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From the Trenches of Europe to the World, The Spanish Flu

Updated: Jan 29

Written by Ardil Ulucay

The year 1918 witnessed two catastrophic forces that changed the course of history - the end of World War I and the emergence of the Spanish flu. This pandemic was caused by the influenza A H1N1 virus and had a devastating impact on the world, surpassing even the death toll of the war. It was truly the first modern pandemic humanity had to deal with. In the end, over 21 million people lost their lives, some sources even say it’s higher than 100 million.

Chapter I: What is the Spanish Flu?

Influenza, a viral infection caused by various strains of the influenza virus, has perennially haunted humanity. The Spanish flu, a strain caused by the H1N1 virus, likely originated in birds, utilizing them as hosts before making its leap to humans. The airborne transmission mechanism enabled the virus to swiftly traverse the globe, culminating in a pandemic that gripped the world. The novel nature of the H1N1 virus left populations vulnerable, devoid of any pre-existing immunity to the disease. As soldiers on the front lines of World War I were living in cramped and unsanitary conditions, they unwittingly became carriers, propelling the virus across continents. The crowded military camps acted as crucibles, where the virus mutated and gained potency, setting the stage for a global catastrophe [2, 5].

Chapter ll: Why Did The Virus Spread So Rapidly?

The Spanish flu's assault unfolded in waves, with the first wave appearing seemingly mild in early March 1918. However, as soldiers returned home, a more lethal strain emerged, with August 1918 marking the full-blown onset of the pandemic. Pneumonia, a swift and often fatal consequence, manifested quickly, leading to death within days of the flu's first indications. The third wave struck in the subsequent winter, with an unusual mortality age pattern – about half the deaths occurred among individuals aged 20 to 40. As the virus swept across the globe, outbreaks occurred in almost every inhabited part of the world. From densely populated urban areas to the remote reaches of Alaska, no corner remained untouched. In India alone, an estimated 12.5 million succumbed to the virus, while the United States witnessed a staggering 550,000 deaths. The flu, in its second and third waves, unleashed a brutality that overwhelmed healthcare systems, creating shortages of coffins, morticians, and gravediggers [6, 2].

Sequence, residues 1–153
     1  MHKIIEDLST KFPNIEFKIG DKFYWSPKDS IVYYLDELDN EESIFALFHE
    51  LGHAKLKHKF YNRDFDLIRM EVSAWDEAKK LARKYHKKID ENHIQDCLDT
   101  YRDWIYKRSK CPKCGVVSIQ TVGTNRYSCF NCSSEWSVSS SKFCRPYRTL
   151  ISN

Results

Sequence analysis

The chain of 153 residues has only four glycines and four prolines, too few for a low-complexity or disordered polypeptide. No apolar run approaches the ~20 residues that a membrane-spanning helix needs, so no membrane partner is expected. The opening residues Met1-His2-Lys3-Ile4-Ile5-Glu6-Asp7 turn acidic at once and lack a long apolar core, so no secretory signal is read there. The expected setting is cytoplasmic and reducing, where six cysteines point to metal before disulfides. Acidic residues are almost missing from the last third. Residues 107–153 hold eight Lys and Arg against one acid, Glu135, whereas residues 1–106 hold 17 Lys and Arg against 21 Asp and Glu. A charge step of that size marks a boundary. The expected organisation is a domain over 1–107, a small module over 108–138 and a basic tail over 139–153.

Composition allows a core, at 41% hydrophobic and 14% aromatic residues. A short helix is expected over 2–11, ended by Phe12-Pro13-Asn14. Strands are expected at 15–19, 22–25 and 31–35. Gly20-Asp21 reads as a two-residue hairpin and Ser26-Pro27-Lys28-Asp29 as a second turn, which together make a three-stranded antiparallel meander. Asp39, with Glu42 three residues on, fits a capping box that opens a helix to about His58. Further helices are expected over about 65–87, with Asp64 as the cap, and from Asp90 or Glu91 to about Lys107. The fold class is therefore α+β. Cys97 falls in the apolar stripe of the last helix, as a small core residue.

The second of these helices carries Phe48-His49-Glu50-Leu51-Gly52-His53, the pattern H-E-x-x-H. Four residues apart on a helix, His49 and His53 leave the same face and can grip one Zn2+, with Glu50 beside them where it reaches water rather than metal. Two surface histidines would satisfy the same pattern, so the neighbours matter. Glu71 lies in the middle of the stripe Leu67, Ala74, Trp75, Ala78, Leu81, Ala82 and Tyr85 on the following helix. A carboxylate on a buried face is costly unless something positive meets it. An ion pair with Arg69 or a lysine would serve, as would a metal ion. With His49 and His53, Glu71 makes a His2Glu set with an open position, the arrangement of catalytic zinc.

Chapter III: Symptoms

The symptoms of the Spanish flu mirrored those of typical influenza but with a deadly twist. Victims experienced a sudden, sometimes high fever, dry cough, headache, body aches, sore throat, chills, runny nose, loss of appetite, and extreme fatigue. However, the virus's exceptional ability to copy itself and infect the lungs set it apart. Healthy adults, usually resilient to influenza, found themselves at the mercy of this ruthless strain. Beyond the physical symptoms, the pandemic plunged communities into despair. Healthy adults, often the backbone of societies, succumbed alongside the vulnerable. Pregnant women faced disproportionate risks, leaving orphaned children in their wake. The healthcare system, already strained by the war, buckled under the weight of the pandemic. Nurses, many with minimal experience, faced the heart-wrenching task of caring for the afflicted, sometimes finding a husband dead in the same room where his wife lay with newborn twins.

The Spanish flu of 1918, like any bad dream, was forgotten. One percent of the world succumbed to this pandemic, and yet nobody talks about it anymore. But it’s still out there, lurking in the annals of history, reminding us of the fragility of human existence and the resilience required to face unforeseen adversaries [3, 2}.



  1. Purple death: The great flu of 1918. (n.d.). PAHO/WHO | Pan American Health Organization.

  2. Spanish flu: What is it, causes, symptoms & pandemic. (n.d.). Cleveland Clinic.

  3. Influenza pandemic of 1918–19 | Cause, origin, & spread. (1998, July 20). Encyclopedia Britannica.

  4. The influenza epidemic of 1918. (n.d.). National Archives |.

  5. The 1918 influenza pandemic. (n.d.). virus.

  6. Spanish flu pandemic of 1918. (2023, December 12). Historic UK.


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